China defence spending to rise ‘around 7%’: official
BEIJING: China will raise defence spending “around seven percent” this year as it guards against “outside meddling” in its disputed regional territorial claims, a top official said Saturday, in an apparent reference to Washington.
Just days after US President Donald Trump outlined plans to raise American military spending by around 10 percent, a spokeswoman for China’s parliament told reporters that future Chinese expenditures will depend on US actions in the region.
“We call for a peaceful settlement through dialogue and consultation (of the territorial disputes). At the same time we need the ability to safeguard our sovereignty and interests and rights,” spokeswoman Fu Ying said at a press conference ahead of the rubber-stamp parliament session.
“In particular, we need to guard against outside meddling in the disputes.”
The annual press briefing comes a day ahead of Sunday’s opening of the National People’s Congress (NPC).
Fu did not specify what “meddling” she was referring to, but Beijing’s increasingly assertive stance towards its claims in the South China Sea and East China Sea have stirred alarm in the region and prompted criticism from Washington.
The planned spending increase is in line with last year, when the government said 2016 outlays would increase by 6.5-7.0 percent.
The 2016 figure marked the first time in six years that spending growth did not rise into double figures.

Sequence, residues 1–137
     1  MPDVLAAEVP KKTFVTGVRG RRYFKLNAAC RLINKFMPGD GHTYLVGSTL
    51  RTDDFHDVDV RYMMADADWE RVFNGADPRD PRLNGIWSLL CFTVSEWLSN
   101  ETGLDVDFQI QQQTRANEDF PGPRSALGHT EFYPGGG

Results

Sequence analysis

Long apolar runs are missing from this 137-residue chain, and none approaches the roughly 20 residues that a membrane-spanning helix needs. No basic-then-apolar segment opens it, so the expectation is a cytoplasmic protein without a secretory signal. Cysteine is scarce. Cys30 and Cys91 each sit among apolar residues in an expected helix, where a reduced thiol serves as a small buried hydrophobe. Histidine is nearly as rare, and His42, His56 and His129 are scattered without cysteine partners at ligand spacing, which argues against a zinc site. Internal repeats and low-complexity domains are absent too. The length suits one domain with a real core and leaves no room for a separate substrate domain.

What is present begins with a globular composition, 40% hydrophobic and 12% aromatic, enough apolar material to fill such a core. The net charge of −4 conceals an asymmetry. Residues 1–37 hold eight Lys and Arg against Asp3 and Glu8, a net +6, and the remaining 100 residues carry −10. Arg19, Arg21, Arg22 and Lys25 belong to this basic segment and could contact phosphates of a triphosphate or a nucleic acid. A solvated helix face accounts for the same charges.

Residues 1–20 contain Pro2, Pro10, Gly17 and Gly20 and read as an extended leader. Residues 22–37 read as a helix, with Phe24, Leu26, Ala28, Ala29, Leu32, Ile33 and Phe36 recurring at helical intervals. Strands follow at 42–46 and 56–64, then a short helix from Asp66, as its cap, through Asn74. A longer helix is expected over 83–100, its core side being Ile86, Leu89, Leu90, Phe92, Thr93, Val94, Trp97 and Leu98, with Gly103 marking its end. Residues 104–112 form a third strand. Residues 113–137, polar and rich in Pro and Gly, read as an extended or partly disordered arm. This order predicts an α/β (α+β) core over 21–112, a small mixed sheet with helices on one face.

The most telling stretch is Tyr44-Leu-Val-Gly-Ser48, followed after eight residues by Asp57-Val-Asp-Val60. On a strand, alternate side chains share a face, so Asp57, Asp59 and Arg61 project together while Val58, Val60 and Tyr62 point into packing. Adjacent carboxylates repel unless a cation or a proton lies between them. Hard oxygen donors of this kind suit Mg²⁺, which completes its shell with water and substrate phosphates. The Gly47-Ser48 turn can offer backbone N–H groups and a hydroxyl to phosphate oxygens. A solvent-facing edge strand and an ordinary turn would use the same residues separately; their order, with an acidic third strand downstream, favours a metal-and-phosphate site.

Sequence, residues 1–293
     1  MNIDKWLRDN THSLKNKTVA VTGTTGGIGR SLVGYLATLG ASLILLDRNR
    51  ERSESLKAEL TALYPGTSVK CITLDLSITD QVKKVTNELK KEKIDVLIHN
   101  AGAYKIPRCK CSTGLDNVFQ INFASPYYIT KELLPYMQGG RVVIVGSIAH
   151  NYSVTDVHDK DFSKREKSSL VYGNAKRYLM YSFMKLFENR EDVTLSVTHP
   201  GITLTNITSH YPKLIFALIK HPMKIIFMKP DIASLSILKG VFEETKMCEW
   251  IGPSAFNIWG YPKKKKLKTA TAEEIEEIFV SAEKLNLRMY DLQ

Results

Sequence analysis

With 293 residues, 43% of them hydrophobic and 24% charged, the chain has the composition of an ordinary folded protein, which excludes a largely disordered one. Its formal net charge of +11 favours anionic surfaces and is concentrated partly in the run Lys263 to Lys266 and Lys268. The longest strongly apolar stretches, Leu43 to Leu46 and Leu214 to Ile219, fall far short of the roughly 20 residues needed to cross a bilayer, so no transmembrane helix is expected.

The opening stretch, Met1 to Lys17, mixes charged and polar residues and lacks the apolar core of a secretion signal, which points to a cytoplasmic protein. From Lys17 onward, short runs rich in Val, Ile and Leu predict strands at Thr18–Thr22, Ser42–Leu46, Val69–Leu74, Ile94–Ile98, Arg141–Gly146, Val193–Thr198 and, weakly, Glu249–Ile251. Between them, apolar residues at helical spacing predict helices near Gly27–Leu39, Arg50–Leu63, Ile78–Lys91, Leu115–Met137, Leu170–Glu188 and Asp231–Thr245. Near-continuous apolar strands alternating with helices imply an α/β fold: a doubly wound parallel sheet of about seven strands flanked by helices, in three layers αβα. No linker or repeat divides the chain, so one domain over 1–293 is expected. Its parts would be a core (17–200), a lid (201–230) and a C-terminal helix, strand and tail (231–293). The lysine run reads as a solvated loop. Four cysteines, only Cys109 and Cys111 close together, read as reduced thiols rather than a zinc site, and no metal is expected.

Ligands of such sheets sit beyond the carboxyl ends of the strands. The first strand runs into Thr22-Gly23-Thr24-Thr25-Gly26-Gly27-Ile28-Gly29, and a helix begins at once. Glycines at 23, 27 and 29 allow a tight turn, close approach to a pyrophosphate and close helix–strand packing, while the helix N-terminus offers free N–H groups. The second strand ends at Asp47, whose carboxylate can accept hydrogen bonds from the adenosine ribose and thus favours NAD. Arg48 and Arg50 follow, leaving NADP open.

China is engaged in a decades-long build up and modernisation of its once-backward armed forces as it seeks military clout commensurate with its economic might.
But its military capabilities remain modest compared to the United States, Fu said, adding that concerns about the country’s military buildup are unwarranted.
“China has never caused harm to anyone, to any country,” she said.
But recent reports that Beijing may be militarising artificial islands in the South China Sea have raised concerns in Washington, which has long argued China’s activities in the region threaten freedom of navigation through the strategically vital waterways, sending ships and aircraft to pass close to the growing islands.
Brunei, Malaysia, the Philippines, Vietnam and Taiwan have contested Beijing’s claims.
Recent satellite imagery indicates China is completing structures intended to house surface-to-air missiles (SAMs) on a series of such artificial landmasses, the Washington think-tank Asia Maritime Transparency Initiative said last week.
Future trends in the region “will depend on US intentions vis-a-vis the region and US activities (which) to a certain extent set the barometer for the situation here,” Fu said.
“Probably fundamentally the United States is concerned that China may catch up with the United States in terms of capability, but we are a developing country. There is a huge gap between China and the US in capability.”
Chinese state media said recently that China was testing the latest version of its fifth-generation stealth fighter, part of a campaign to end the West’s monopoly on the world’s most advanced warplanes.
China also for the first time sent its sole aircraft carrier into the Pacific for exercise in December, according to Chinese reports.
Barthelemy Courmont, a senior Research Fellow at the Paris-based French Institute for International and Strategic Affairs (IRIS) said it was understandable that a modernising China would seek more advanced armed forces.
“But this development also reflects Beijing’s ambition to impose its supremacy over Asia by giving itself the means of being a credible power,” he said.
He warned, however, that the territorial tensions were leading to a “senseless arms race” in the region.
“It’s often in reaction to China’s spending increases that neighbouring countries also decide to strengthen their military capacities,” he said.